Hip Dysplasia In Dogs – The 3 Most Commonly Asked Questions – Episode 014

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Quick Summary:

In this episode (014), I discuss hip dysplasia in dogs and answer the 3 most commonly asked questions about hip dysplasia.  Can dogs live a long, happy life with hip dysplasia? Is hip dysplasia curable? And, should I walk my dog who has hip dysplasia?  These questions are addressed along with simple, yet important topics such as euthanasia not being an appropriate option for hip dysplasia in dogs, avoiding the cycle of pain and inflammation, and just how treatable hip dysplasia in dogs can be with a proper home exercise and physical therapy program.

Treats For You:

The Canine Hip Dysplasia Success Program that I mention in the episode all begins with the “Happy At Home” Hip Dysplasia 5 Day Challenge, followed by an opportunity to join the program.

So click here now >> The “Happy At Home Hip Dsyplasia 5 Day Challenge with Julie McKinney Miller. It provides tremendous value and begins March 4, 2020.

You can join through Friday, March 6th, at 11:59pm EST. And then it’s closed!! Join us now!

Show Notes/Transcript:

Well, Hi There.  It’s Julie, and welcome to another episode of Dog Lovers Unleashed.

Today, we’re talking about three common questions that so many people ask about hip dysplasia in dogs.

So if you have a dog with hip dysplasia or you worry that your dog might have hip dysplasia, maybe you noticed they walk a little funny in the back end or they hop up stairs or they do the bunny hopping when they run.

Then you definitely want to listen in.

00:01:04 Today, I’m talking about three simple yet really, really important questions that get asked so much.

Okay, so here they are…

#1.  If I have a dog with hip dysplasia, can my dog live a normal, happy life?

We’re gonna answer that.

#2.  Is hip dysplasia curable?  

We’re gonna answer that one, too.

#3  Should I walk my dog that has hip dysplasia?  

We’re going to get into that as well.

00:01:36 Let’s jump right into question number one.  So the scenario is my dog has hip dysplasia, and I’m really freaking out.  I’m really worried about my dog.  Can my dog live a normal, healthy, happy life and able to run and play and do all the things that dogs do?

00:01:56  I am here to tell you that the answer is a resounding yes!  So don’t freak out.  Don’t feel horribly devastated.  I know it’s easy for me to say, but I can tell you – I’ve been there.  I felt those feelings and what I realized through my own dog, Tucker, which I’ll tell you about and through 20 years of experience as a canine physical therapist, is that it isn’t warranted.

00:02:23 We don’t need to panic.  We don’t need to freak out.  We don’t need to be so devastated by a diagnosis of hip dysplasia.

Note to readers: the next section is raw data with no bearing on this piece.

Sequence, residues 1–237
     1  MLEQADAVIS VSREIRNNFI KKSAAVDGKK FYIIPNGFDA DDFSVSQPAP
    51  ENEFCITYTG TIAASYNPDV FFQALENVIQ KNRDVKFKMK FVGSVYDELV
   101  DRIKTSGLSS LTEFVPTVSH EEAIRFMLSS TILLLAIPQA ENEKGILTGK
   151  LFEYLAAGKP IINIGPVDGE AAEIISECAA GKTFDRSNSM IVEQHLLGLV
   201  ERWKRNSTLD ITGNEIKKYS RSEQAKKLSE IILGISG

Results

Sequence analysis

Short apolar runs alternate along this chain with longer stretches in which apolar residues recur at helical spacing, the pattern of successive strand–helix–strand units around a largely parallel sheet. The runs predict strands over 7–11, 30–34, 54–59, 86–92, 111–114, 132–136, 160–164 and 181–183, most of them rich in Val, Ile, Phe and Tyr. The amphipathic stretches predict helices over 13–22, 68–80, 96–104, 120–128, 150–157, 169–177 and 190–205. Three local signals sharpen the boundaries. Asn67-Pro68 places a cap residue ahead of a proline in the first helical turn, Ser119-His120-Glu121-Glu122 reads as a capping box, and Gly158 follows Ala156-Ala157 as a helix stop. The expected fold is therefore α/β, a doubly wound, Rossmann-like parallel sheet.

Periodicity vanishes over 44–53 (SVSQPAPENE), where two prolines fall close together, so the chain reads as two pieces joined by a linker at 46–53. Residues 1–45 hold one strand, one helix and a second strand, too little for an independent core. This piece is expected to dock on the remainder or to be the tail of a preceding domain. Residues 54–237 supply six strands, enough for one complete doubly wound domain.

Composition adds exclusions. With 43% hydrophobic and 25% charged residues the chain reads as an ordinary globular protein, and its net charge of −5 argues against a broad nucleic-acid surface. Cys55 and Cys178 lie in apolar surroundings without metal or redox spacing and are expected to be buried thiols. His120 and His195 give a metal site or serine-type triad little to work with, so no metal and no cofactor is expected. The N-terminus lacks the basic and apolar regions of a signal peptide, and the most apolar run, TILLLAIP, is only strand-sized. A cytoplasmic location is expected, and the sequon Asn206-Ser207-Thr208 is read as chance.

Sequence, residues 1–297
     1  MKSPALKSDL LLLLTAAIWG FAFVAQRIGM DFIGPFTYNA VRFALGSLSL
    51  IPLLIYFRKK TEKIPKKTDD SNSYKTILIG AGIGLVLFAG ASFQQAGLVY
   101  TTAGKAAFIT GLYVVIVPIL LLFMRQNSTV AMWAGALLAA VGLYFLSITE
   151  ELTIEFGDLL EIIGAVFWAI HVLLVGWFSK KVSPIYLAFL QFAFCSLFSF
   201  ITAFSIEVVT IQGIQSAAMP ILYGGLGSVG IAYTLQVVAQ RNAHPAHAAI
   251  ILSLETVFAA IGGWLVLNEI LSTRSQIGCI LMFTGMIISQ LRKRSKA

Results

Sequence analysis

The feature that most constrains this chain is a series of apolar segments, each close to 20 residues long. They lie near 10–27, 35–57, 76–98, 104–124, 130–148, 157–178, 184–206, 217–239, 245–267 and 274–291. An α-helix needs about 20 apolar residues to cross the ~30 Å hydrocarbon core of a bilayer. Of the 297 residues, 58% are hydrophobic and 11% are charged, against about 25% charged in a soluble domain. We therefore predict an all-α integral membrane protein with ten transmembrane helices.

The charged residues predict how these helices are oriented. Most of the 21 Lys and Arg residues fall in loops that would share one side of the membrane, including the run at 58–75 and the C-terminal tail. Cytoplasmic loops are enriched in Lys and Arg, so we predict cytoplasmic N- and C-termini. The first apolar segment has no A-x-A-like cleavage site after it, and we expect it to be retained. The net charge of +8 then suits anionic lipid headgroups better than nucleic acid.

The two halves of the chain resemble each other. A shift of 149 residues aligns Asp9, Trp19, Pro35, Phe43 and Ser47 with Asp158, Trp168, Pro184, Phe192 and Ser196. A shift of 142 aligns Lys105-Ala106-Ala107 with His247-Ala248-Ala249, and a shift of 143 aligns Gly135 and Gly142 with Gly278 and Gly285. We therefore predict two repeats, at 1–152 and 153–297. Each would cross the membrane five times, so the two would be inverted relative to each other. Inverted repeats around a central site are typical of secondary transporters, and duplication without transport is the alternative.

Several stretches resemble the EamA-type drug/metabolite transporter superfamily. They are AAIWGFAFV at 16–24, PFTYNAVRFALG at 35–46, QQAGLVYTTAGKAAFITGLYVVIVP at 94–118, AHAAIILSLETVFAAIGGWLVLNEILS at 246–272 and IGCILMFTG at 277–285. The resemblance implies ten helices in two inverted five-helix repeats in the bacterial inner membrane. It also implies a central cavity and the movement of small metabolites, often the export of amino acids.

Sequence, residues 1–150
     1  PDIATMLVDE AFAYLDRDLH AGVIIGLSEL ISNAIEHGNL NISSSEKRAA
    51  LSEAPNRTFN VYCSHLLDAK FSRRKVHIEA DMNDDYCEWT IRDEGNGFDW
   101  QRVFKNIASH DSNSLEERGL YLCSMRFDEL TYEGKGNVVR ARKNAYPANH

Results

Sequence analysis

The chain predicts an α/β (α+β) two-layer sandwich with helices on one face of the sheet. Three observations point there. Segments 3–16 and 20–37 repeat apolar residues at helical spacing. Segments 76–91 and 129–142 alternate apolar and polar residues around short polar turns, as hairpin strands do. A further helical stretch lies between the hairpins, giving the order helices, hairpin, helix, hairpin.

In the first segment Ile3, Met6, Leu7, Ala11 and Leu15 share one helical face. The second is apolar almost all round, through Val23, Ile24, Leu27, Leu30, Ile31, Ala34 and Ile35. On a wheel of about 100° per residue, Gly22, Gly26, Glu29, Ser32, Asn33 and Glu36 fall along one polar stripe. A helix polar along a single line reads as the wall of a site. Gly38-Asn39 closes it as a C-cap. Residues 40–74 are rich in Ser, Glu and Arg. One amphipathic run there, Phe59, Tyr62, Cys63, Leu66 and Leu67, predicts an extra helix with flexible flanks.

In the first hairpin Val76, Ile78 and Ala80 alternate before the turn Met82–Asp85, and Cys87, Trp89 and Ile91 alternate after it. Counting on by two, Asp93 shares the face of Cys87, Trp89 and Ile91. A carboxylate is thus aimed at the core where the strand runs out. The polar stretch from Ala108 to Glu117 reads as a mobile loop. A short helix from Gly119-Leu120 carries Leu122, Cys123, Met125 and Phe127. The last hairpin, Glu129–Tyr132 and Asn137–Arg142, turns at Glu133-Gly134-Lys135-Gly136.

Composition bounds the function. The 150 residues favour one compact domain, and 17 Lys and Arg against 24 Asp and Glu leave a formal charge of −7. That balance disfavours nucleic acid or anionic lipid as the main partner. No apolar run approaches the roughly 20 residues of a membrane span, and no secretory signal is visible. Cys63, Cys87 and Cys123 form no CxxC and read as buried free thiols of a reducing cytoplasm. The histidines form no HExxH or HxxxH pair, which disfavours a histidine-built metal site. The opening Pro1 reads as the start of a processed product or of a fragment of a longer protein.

00:02:31 So let me tell you about Tucker, and then we’ll get into why hip dysplasia is not that big of a deal and how to maybe “re-think” it….if you are struggling with your dog just having been diagnosed with hip dysplasia.

00:02:46 So Tucker was eight months old and he started acting kind of funny on his back legs.  And at the time, I was a physical therapy student.  So I was in graduate school for that, planning to treat people.  And we take our dog to the orthopedic surgeon and we’re told he’s got the worst case of hip dysplasia they’ve ever seen.

00:03:08 Now, since then, I’ve heard so many people say that their vets say that!  That’s kind of interesting because they can’t ALL be the worst case, right?

00:03:16 But regardless, it was pretty bad, his hip socket was supposed to fit nicely – the ball in the socket.  And the ball was way up high, so it was completely out of the socket, and we were just devastated.  So, like I said, we’ve been there.

00:03:36 I know what it’s like.  I went into panic mode.  I was thinking, “Oh, my gosh, my dog is gonna need physical therapy” cause you know, I’m engrossed in physical therapy school, and we had just studied hip replacements, and there were so many precautions.  For example, with one surgical technique, patients couldn’t move their hit beyond 90 degrees, which meant that at home, after they left the hospital, they had to have an elevated toilet seat.

00:04:03 So I started thinking, “Gosh, this is complicated for a dog.”  And, ”How do you do this and have them not move in certain ways to protect the repair?”  And then on top of it, “How in the world do you get them to do the physical therapy?”

00:04:21 So long story short, I found the very first continuing education course.  It was a weekend course on canine physical therapy, the very 1st one that was being offered in our country, and I was so excited to go to it, and I ended up going, and it was one of the best weekends of my life.  It really was the blending of my two passions.  I went there fully intending just to treat Tucker, to learn enough to apply my skills to my own dog.  But I realized it was the perfect blend of my two passions, my passion for physical therapy and my passion for dogs.

00:05:00 And so I just went full force and took every course I could, and before you know it, I was at the Tufts School of Veterinary Medicine treating dogs.

00:05:11 So anyway, let’s talk about hip dysplasia.  I’m so excited about this.

00:05:15 So question number one.

Can my dog live a happy, full life?

And with that, so many people say, “Am I going to have to euthanize my dog?”